On the strategic side of the team are vice president of branding and partnership marketing Cathy Kuo, vice president of market intelligence Pete Gatseos, vice president of sales and channels strategy Dan Hillen and vice president of customer-relationship management, database and e-marketing Mark Voboril.
Kuo will oversee the rebranding of former MediaOne systems to AT & T Broadband. She is also responsible for branding new services, as well as creating marketing partnerships with programmers and developing bundling promotions.
Along with Partoll, who previously worked for AT & T Consumer Services, Kuo has worked on bundling AT & T cable and long distance in 10 markets.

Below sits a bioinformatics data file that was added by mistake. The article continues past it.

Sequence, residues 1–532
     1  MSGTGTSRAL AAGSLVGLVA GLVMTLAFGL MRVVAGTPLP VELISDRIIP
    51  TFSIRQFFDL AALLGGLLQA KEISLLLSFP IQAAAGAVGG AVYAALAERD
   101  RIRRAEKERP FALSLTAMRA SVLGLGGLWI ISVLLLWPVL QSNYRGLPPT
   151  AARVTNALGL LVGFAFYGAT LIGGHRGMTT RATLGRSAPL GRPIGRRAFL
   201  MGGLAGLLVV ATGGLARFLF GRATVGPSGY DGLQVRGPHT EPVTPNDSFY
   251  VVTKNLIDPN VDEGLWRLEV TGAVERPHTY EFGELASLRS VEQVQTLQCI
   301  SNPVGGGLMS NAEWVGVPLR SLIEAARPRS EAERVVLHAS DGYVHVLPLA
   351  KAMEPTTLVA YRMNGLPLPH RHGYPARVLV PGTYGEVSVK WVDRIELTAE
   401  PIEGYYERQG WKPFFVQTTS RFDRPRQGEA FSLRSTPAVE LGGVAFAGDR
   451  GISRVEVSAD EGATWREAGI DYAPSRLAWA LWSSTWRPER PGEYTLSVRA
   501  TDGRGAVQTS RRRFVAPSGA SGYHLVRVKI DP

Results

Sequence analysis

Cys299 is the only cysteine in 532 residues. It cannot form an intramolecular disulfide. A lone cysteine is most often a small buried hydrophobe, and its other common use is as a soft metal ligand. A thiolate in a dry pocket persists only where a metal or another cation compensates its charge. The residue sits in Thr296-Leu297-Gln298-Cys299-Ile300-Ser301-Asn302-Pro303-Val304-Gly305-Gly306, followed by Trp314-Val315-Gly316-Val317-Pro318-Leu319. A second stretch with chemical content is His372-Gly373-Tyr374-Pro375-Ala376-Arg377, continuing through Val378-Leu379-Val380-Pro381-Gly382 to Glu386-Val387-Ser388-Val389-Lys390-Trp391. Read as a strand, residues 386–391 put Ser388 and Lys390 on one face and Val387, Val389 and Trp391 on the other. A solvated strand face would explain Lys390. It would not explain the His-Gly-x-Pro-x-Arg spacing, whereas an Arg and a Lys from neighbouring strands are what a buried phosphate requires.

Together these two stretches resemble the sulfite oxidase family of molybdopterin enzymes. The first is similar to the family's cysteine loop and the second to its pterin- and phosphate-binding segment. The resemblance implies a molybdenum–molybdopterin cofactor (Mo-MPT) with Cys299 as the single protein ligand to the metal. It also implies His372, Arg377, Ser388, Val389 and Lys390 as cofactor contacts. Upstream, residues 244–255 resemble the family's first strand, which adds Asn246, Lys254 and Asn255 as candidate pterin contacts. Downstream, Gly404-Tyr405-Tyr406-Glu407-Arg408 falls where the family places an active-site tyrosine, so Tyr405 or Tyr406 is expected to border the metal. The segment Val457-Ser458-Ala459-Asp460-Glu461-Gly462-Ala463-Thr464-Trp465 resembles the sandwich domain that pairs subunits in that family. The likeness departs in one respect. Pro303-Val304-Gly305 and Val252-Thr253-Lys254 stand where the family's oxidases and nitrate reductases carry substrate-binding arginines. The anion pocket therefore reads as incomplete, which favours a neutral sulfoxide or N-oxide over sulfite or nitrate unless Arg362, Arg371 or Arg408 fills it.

"We're seeing positive results," Kuo said, adding that offering bundled services has proven "operationally and executionally complex." The company's goal is to keep bundles as easy as possible for customers to buy and for customer-service representatives to sell.
The company has not yet bundled high-speed Internet access with cable and telephone services, but trials are likely to begin by the end of the year. High-speed service will be sold under the general umbrella brand of AT & T Broadband. The company has not yet publicly announced how it will integrate the AT & T@Home and Road Runner by MediaOne brands.
Partoll said AT & T would look more closely at retention programs for its high-speed-data services because the digital-subscriber-line marketplace has become extremely competitive. "In the life cycle of any product, we'll face competition and we'll face churn," she added.